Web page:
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Birds still thrive in managed wetlands and agricultural fields.

California: the Central Valley

Catherine Hickey


Black-necked Stilt. Photo © Stuart Mackay.
The geographic heart of California is the 400-mile long Central Valley. Intensively farmed and subject to increasing urban development, the Valley has lost more than 90% of its original wetlands. Yet abundant wetland bird populations still thrive in the region's managed wetlands, agricultural fields, and evaporation ponds, which have replaced the natural habitat. Over 60% of Pacific Flyway waterfowl winter in or migrate through the Valley. In winter and spring, the Central Valley supports more shorebirds than any other inland locale in western North America. Two sites have been designated Western Hemisphere Shorebird Reserve Network Sites of International Importance (supporting over 100,000 shorebirds): the Grasslands Ecological Area in the San Joaquin Basin and more than 500,000 acres of ricelands and wetlands in the Sacramento Valley (see Observer 134, fall 2003).

In the Central Valley, the primary partnership for wetland and other habitat conservation is the Central Valley Habitat Joint Venture. CVHJV partners are investing millions of dollars in wetlands conservation projects on public and private lands to restore waterfowl populations. PRBO provides technical expertise, emphasizing broader conservation objectives that maximize habitat value for all wetland dependent birds, starting with shorebirds.

PRBO formed and chairs the Central Valley Shorebird Working Group that functions as a technical subcommittee of the CVHJV. It currently is helping update the JV's Implementation Strategy with shorebird objectives and conservation strategies.

In May and June 2003, PRBO and collaborators in the Central Valley Shorebird Working Group conducted the first-ever Valley-wide breeding shorebird survey. This survey filled an important gap in our understanding of shorebird status, distribution, and habitat use in the Valley. The results will guide the establishment of breeding shorebird population and habitat objectives for the CVHJV.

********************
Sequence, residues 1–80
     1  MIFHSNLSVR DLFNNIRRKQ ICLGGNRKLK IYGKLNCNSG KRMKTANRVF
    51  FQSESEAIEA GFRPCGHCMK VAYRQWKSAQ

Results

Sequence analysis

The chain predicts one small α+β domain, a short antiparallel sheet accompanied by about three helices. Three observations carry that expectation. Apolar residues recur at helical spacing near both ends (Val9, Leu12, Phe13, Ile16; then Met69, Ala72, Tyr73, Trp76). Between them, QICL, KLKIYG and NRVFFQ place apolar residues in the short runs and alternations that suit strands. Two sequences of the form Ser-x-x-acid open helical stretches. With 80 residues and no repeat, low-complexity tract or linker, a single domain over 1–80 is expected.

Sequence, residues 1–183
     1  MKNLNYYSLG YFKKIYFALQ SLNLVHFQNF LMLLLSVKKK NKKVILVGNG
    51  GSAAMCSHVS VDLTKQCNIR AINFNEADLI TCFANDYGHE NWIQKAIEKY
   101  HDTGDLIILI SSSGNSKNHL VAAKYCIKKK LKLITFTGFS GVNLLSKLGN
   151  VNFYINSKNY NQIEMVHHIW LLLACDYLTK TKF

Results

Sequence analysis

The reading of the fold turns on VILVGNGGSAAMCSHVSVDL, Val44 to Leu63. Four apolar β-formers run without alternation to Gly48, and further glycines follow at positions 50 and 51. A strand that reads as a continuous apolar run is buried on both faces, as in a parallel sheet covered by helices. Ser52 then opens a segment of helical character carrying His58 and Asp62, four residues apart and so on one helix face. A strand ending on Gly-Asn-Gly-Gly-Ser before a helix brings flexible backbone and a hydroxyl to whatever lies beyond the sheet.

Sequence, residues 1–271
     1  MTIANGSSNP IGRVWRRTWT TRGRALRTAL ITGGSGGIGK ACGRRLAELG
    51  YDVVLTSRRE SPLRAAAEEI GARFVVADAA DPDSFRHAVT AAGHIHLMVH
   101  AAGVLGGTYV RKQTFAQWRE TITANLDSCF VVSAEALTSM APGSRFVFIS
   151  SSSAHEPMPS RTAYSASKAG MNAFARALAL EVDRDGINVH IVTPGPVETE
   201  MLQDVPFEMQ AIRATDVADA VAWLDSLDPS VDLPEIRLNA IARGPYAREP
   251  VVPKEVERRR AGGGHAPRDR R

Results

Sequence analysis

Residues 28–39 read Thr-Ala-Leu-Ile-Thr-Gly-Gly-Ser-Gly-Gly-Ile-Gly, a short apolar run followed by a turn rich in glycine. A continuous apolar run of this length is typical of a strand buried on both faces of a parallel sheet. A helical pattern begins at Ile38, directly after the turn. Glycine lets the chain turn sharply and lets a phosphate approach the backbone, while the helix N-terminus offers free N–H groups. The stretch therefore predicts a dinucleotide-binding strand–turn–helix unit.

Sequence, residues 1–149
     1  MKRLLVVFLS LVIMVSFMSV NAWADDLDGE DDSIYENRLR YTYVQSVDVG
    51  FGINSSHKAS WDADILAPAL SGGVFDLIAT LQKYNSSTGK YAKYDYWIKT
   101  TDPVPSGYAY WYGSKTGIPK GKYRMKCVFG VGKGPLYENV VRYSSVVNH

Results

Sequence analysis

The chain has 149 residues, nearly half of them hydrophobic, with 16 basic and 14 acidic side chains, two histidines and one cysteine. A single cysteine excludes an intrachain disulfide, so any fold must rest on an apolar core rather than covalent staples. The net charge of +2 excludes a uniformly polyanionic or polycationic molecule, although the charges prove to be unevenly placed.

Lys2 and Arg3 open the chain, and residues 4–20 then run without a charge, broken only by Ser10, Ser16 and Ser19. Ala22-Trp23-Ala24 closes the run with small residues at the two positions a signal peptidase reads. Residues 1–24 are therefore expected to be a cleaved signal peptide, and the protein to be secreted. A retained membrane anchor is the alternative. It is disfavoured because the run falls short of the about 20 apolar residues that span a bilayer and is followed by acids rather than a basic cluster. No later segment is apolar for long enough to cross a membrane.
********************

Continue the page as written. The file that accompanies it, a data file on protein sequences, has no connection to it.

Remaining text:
Essential to improved conservation is assessing whether our efforts are actually helping bird populations. For the first time in California, the CVHJV will evaluate major federal and state habitat conservation programs for private lands, for how well they support migratory and resident bird populations. PRBO will carry out this work beginning in April 2004.


"The Central Valley Habitat Joint Venture is considered by many to be one of the most successful in the United States. Three primary reasons for this are the collective strength of our partnerships, our commitment to identify waterfowl habitat objectives through the application of sound science, and our focused efforts to deliver waterfowl habitat in a well-defined landscape. The scope of our Joint Venture interests has recently expanded to embrace the NABCI goal of 'delivering the full spectrum of bird conservation through regionally based, biologically driven, landscape-oriented partnerships.' We will continue to rely a great deal on PRBO's scientific expertise and credibility to help integrate specific habitat needs of other wetland-dependent avian species into our future planning and conservation activities."--Robert Shaffer, Coordinator, Central Valley Habitat Joint Venture

We have made substantial progress integrating conservation needs of not only shorebirds but also landbirds into the CVHJV's goals and strategies. This productive relationship holds very encouraging opportunities to benefit all bird species and their habitats in the Central Valley.

American Avocet. Photo © Stuart Mackay.

On a personal note, through my work in the Central Valley I have developed some of my most rewarding professional relationships. I admire the commitment of our partners to use science in guiding their conservation efforts, the value they place on partnerships, and their dedication to the resource. They are truly the heart of wetlands conservation in California.

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*The Central Valley is within the Southern Pacific Shorebird Region, one of 11 planning regions of the U.S. Shorebird Conservation Plan. PRBO, with many collaborators, authored the Southern Pacific Shorebird Conservation Plan (see sidebar) and hosts the first full-time, multi-year position devoted to conservation within a U.S. shorebird planning region.